No matter the first scene of Tilly’s (Kate Winslet) leather heels stepped on the dusty ground or the final close-up of her eyes before she lighted the fire up the the house, we need to admire that the director, Jocelyn Moorhouse, did a great job at details. The dresses in the movie are also gorgeous. It is one advantage that having a female director because sometimes they just know how to show the beauty of women better than man.
It is usually hard for movies which are recomposed by novels to get compliments. Audiences who are familiar with the original story can be really picky sometimes: whether the actors suit the characters, did they change the story too much or even whether the actor should say that words in that tone.
But I think people also need to realize that movie is another way of presenting a store, it got to be different. In The Dressmaker, it makes those dresses alive and shows you how beautiful a woman can be with a suitable outfit. At this moment you may still immerse in the sadness of Molly’s (Judy Davis) death, but next scene you may also burst out laughing because you see Sergeant (Hugo Weaving) wearing exaggerated Matador cloth. These are what books can not show you but movie can.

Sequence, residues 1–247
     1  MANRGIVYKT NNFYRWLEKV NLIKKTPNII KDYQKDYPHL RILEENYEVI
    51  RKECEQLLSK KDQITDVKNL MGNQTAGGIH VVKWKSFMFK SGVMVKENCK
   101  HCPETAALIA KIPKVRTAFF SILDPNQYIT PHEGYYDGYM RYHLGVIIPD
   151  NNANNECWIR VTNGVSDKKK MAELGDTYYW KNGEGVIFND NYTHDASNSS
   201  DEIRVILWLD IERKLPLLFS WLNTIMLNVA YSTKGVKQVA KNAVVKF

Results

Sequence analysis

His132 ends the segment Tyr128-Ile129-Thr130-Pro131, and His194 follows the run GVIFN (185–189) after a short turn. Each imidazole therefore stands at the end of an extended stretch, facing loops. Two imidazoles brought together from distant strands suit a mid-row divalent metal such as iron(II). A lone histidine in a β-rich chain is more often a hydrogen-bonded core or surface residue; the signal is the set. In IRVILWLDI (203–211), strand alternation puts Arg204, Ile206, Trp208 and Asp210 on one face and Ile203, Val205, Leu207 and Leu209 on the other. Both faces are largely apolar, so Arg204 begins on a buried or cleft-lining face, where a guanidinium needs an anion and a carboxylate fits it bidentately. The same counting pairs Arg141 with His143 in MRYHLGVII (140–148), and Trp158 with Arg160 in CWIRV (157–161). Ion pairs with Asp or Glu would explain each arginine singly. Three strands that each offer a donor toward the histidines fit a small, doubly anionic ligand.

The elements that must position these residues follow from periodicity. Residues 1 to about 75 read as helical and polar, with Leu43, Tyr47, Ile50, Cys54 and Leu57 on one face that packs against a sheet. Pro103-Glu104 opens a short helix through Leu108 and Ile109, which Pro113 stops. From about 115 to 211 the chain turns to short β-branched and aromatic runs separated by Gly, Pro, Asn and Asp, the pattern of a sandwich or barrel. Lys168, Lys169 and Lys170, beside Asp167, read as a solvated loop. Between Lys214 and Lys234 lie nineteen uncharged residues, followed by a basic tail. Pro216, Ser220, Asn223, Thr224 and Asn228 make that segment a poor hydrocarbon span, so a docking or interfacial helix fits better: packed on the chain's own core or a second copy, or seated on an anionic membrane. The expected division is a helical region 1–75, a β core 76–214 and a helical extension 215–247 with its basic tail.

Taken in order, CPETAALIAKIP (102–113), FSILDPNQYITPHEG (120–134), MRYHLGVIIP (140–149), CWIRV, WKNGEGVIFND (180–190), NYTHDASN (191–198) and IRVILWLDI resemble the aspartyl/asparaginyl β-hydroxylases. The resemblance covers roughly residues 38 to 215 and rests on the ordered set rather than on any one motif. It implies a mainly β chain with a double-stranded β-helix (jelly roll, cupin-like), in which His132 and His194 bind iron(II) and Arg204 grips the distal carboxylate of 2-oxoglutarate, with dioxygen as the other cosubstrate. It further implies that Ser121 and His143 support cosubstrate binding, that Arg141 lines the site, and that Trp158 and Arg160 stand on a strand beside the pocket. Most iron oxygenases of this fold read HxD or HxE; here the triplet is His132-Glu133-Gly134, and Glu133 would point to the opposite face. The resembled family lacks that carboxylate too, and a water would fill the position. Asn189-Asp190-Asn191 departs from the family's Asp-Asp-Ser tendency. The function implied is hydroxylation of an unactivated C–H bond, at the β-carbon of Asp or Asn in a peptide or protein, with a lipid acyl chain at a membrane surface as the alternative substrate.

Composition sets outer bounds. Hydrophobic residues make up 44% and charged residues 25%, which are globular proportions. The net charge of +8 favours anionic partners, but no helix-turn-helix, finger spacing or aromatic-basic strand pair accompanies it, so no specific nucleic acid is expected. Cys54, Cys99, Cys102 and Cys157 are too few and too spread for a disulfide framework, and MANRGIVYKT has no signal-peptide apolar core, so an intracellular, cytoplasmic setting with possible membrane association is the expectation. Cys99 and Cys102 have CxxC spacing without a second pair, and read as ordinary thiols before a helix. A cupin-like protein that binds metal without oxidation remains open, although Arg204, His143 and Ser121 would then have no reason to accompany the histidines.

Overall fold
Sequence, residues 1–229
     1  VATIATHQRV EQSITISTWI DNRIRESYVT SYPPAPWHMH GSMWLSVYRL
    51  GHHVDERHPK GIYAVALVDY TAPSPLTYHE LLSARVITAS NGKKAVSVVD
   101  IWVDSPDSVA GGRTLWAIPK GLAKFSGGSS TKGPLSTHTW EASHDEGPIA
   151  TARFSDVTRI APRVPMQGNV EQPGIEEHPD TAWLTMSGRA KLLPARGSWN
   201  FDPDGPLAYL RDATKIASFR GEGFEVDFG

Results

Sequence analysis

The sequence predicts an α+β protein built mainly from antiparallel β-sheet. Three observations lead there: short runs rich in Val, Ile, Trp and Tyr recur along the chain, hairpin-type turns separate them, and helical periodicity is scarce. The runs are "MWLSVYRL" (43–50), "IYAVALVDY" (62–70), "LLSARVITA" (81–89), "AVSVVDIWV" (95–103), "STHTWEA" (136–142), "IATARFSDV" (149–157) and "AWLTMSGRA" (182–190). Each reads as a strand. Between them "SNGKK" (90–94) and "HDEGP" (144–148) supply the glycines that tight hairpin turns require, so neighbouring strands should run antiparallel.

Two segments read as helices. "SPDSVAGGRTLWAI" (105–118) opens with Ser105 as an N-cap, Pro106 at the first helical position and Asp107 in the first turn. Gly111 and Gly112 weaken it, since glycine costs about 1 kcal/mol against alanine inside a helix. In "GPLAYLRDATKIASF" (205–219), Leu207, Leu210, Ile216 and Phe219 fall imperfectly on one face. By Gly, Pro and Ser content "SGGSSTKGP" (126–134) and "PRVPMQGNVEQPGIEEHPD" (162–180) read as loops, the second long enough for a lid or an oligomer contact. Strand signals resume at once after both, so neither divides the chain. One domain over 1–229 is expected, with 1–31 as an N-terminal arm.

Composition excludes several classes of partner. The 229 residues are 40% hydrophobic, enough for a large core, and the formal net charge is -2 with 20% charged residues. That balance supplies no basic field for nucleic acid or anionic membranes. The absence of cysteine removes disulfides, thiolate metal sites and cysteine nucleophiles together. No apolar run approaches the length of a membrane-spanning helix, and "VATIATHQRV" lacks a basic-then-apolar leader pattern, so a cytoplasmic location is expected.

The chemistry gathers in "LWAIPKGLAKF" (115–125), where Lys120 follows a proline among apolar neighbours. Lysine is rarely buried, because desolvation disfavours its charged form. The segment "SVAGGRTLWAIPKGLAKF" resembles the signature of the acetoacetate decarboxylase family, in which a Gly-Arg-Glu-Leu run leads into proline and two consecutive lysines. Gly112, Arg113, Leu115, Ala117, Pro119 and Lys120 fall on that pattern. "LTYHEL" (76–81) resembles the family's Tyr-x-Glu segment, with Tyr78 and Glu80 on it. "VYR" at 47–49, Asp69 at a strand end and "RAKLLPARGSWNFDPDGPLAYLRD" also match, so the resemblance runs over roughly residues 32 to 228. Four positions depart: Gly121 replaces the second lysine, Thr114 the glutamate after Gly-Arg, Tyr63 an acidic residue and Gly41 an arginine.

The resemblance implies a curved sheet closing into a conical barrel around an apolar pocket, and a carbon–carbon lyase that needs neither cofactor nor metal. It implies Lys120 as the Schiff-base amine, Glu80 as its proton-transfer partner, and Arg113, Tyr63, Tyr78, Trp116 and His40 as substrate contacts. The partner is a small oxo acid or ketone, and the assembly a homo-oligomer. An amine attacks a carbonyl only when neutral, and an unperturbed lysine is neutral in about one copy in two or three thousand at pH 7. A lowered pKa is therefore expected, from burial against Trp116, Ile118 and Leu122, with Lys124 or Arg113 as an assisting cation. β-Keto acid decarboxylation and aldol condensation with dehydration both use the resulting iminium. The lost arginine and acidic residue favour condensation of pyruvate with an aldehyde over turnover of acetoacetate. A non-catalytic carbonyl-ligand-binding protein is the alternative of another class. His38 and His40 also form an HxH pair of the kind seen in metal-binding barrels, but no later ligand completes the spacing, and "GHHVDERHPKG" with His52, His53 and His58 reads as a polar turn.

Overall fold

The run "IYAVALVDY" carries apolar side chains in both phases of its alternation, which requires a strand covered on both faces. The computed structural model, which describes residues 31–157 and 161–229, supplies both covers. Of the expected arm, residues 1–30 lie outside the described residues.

Other reviews are keen to regard this movie as “a batty, fancy-frocked revenge story”. However, if you put the original work away and only focus on the movie itself, it is a successful black comedy. Rather than revenge, you may find that The Dressmaker is more about renascence if you watch the movie without reading the novel before. The fire she lighted was not just revenge, it’s awaken.
It has all elements that are needed to make you laugh, cry or laugh with tears at the same time. Besides, Liam Hemsworth is pretty hot in the movie. You can hardly recognize that he is also the same actor in The Hunger Game. For me, that already worth the money I paid.